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Summer SAVY, Session 2 Day 1, Sun and Shadow (1st – 2nd)

Posted by on Monday, June 17, 2024 in blog, SAVY.

Dear SAVY Families, 

The scientist in your family had an engaging, informative first day of SAVY Summer 2024: Session Two, Sun and Shadow! Today, your scientists learned more about their role for this week. We started our class by positioning ourselves as scientists and discussing what it means to be a scientist. We talked about the steps we have to take and the safety measures we must follow to ensure that we conduct valuable scientific explorations and experiments. Ask your scientists if they can tell you what scientists do and how we can maintain our integrity as scientists! 

Next, we discussed change. As scientists, change is something that we will encounter and examine with every experiment that we do. Change is all around us. Your scientists were challenged to think about something that does NOT change, and we quickly realized that this is very difficult! I was impressed by some of their creative answers; scientists noted that the past, time, and gravity do not change.  

One example of something that always changes is us! WE are constantly changing. We examined our own lives so far to see how we have changed from when we were born until today and how we will continue to change in the future. Next, as a class, we came up with four generalizations of change: Change is everywhere; Change is related to time; Change can be natural or manmade, and Change may be random or predictable. We will use these four generalizations to analyze everything we do throughout our course.  

Continuing with the theme of change, we acted like scientists to examine shadow changes. Using a tennis ball and flashlight, students noted changes in the tennis ball’s shadow on the wall. While this seems like a simple observation, we had a great discussion about how scientists often start their work with the simple. We repeated this process with Play-Doh and a pencil before we were challenged to develop a class definition of a shadow. Shadows are seen every day, but coming up with a definition proved to be more challenging! The definition we came up with is that a shadow is “a darkened area made by something blocking out light.” Once we defined shadows, we headed outside to find examples of natural shadows. The scientists had to find two stationary objects, record the date and time, and draw a picture of the shadow. At first, it was a bit cloudy outside, so we had trouble finding shadows. When we went back outside a few minutes later, the scientists were excited to see that so many shadows appeared! This was a great connection to our generalization that change is related to time. To finish our day, we discussed whether the shadows would change when we revisit them in the morning. Ask your SAVY scientist what their prediction was!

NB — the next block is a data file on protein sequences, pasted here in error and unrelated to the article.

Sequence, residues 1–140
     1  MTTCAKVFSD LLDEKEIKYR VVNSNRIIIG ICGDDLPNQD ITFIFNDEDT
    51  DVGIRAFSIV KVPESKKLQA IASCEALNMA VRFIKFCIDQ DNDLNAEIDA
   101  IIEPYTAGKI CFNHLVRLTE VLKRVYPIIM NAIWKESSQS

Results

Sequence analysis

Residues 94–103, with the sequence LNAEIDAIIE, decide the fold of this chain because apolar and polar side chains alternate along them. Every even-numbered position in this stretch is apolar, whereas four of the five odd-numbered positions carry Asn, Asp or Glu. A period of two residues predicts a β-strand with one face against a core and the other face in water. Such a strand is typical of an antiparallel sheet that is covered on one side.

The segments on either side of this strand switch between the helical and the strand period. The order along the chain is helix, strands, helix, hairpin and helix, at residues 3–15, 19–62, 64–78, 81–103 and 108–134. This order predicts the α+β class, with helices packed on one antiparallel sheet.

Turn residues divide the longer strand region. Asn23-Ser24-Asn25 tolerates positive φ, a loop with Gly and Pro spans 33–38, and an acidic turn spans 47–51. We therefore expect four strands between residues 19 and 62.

Questions to ask your SAVY Scientist tonight:  

  • What is a scientist? How did you act like a scientist today?  
  • What is change? What is an example of something that does not change?  
  • What is a shadow? How are shadows created?  
  • Do you predict that your shadows will change tomorrow morning? Why 

Have a great night, and I look forward to working with your SAVY scientist again tomorrow! Please note that we will spend a portion of each day outside. If your child would like to bring a hat, sunglasses, sunscreen, or any other sun protective equipment, please send it in their backpacks. We will spend short amounts of time outside, with extra water breaks provided, to ensure the scientists do not get overheated.  


Ms. Anna Gruchot